Contagion Risks and Security Investment in Directed Networks
37 Pages Posted: 8 Sep 2020 Last revised: 12 May 2022
Date Written: July 18, 2020
We develop a model for contagion risks and optimal security investment in a directed network of interconnected agents with heterogeneous degrees, loss functions and security profiles. Our model generalizes much of contagion models in the literature; in particular the independent cascade model and the linear threshold model. We state various limit theorems on the final size of infected agents in the case of random networks with given vertex degrees for finite and infinite variance degree distributions. The results allow us to derive a resilience condition of the network to the infection of a large group of agents and quantify how contagion amplifies small shocks to the network. We show that when the degree distribution has infinite variance and, highly correlated in- and out-degrees, then even when agents have high thresholds, a sub-linear fraction of initially infected agents is enough to trigger the infection of a positive fraction. We also show how these results are sensitive to vertex and edge percolation (immunization).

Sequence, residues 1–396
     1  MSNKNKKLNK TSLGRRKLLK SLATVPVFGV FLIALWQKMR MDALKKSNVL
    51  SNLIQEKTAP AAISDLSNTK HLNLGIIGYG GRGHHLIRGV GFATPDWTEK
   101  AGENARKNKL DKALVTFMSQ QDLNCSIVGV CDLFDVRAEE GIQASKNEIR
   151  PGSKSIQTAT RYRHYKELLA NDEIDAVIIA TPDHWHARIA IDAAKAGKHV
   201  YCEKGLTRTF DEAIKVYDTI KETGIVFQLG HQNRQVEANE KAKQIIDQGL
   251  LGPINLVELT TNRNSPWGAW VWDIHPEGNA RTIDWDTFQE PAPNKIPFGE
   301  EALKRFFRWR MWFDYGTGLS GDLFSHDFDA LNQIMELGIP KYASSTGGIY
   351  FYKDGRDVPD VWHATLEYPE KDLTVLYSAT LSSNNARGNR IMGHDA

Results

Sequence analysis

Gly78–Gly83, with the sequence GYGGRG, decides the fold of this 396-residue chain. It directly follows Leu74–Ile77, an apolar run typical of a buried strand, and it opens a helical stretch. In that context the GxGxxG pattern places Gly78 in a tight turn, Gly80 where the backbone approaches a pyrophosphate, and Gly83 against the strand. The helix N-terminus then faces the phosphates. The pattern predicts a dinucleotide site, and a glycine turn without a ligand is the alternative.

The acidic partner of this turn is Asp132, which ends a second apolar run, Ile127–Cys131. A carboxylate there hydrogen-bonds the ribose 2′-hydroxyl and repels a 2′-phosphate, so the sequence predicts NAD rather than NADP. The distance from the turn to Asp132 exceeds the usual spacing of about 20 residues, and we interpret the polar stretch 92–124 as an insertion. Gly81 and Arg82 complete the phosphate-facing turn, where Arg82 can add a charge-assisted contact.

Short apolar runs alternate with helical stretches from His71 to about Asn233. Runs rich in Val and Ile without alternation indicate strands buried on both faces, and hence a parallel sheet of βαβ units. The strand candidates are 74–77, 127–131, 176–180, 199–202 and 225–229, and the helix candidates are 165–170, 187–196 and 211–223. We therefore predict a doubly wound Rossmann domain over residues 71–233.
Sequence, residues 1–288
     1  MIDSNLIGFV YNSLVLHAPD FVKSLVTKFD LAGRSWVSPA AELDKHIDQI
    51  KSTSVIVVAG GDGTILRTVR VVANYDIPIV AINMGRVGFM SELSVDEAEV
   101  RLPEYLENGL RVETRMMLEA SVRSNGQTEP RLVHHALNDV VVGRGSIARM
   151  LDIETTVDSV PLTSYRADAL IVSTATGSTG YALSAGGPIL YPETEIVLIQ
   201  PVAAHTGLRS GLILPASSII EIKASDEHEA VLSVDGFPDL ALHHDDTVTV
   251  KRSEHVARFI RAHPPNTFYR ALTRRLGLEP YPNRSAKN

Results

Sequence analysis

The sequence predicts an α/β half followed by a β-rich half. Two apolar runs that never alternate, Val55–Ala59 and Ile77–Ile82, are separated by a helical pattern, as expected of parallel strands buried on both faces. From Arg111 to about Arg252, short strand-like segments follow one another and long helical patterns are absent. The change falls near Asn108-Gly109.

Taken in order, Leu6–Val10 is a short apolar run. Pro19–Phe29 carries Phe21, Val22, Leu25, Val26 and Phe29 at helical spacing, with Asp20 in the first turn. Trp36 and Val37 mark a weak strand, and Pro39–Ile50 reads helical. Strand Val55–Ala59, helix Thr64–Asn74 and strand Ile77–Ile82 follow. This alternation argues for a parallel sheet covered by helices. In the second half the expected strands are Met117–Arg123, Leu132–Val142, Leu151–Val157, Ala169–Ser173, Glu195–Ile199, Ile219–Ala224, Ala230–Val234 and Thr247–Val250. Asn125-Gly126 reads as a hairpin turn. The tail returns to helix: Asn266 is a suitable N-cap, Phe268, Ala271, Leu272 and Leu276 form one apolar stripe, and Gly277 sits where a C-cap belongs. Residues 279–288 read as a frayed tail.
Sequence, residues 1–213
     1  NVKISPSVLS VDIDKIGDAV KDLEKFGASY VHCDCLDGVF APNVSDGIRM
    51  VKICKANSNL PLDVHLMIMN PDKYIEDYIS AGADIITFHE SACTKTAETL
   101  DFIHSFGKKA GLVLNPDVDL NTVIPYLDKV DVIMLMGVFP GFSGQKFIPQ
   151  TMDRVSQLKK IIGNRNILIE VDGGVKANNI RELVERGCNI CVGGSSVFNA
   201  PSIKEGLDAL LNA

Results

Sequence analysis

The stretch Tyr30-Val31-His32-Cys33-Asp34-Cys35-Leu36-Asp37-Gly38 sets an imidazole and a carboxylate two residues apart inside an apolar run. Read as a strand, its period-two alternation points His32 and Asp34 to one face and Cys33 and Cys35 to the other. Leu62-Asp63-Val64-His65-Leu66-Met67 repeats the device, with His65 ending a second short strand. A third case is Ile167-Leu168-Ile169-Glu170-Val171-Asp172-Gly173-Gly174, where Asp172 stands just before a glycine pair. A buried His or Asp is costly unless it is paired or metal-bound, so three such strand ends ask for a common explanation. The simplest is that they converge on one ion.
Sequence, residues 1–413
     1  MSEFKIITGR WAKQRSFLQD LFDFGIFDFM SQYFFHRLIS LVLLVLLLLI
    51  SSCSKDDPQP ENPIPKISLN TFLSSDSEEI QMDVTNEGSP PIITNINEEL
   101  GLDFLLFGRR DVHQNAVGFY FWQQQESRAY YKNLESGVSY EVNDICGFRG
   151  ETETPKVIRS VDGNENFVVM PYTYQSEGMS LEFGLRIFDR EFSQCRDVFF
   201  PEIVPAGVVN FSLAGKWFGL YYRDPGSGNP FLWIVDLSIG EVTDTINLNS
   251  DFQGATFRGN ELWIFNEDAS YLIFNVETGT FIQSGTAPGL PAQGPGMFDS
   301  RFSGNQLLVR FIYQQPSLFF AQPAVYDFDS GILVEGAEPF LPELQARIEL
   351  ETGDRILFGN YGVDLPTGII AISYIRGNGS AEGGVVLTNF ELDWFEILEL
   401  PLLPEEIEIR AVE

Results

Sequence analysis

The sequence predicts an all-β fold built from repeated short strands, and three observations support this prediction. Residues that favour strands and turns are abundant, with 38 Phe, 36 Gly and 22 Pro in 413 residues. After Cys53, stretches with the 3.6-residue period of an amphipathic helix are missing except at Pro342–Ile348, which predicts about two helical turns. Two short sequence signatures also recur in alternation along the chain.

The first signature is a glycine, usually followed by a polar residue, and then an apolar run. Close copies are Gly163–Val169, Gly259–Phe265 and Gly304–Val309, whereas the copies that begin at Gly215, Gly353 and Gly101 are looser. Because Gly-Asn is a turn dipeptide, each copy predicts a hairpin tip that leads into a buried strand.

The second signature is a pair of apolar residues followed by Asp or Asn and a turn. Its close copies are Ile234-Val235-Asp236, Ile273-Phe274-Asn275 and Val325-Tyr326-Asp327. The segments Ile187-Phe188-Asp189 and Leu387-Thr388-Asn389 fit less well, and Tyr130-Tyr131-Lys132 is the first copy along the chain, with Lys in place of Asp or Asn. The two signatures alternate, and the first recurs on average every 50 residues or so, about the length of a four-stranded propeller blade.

We then study the asymptotic Nash equilibrium and socially optimal security investment. In the asymptotic limit, agents' risk depends on all other agents' investment through an aggregate quantity, that we call network vulnerability. The limit theorems allow us to capture the impact of one class of agents' decision on the overall network vulnerability. Based on our results, the vulnerability is semi-analytic allowing for a tractable Nash equilibrium.
We give sufficient conditions for investment in equilibrium to be monotone in the network vulnerability. When investment is monotone, we show that the (asymptotic) Nash equilibrium is unique. In the particular example of two types core-periphery agents, we exhibit a strong effect of the cost heterogeneity and in particular non-monotonous investment as a function of costs.
Keywords: contagion, systemic risk, economic epidemiology, self-protection, security investment, cyber-insurance, heterogeneous networks
JEL Classification: D6, D62, G18
Suggested Citation: Suggested Citation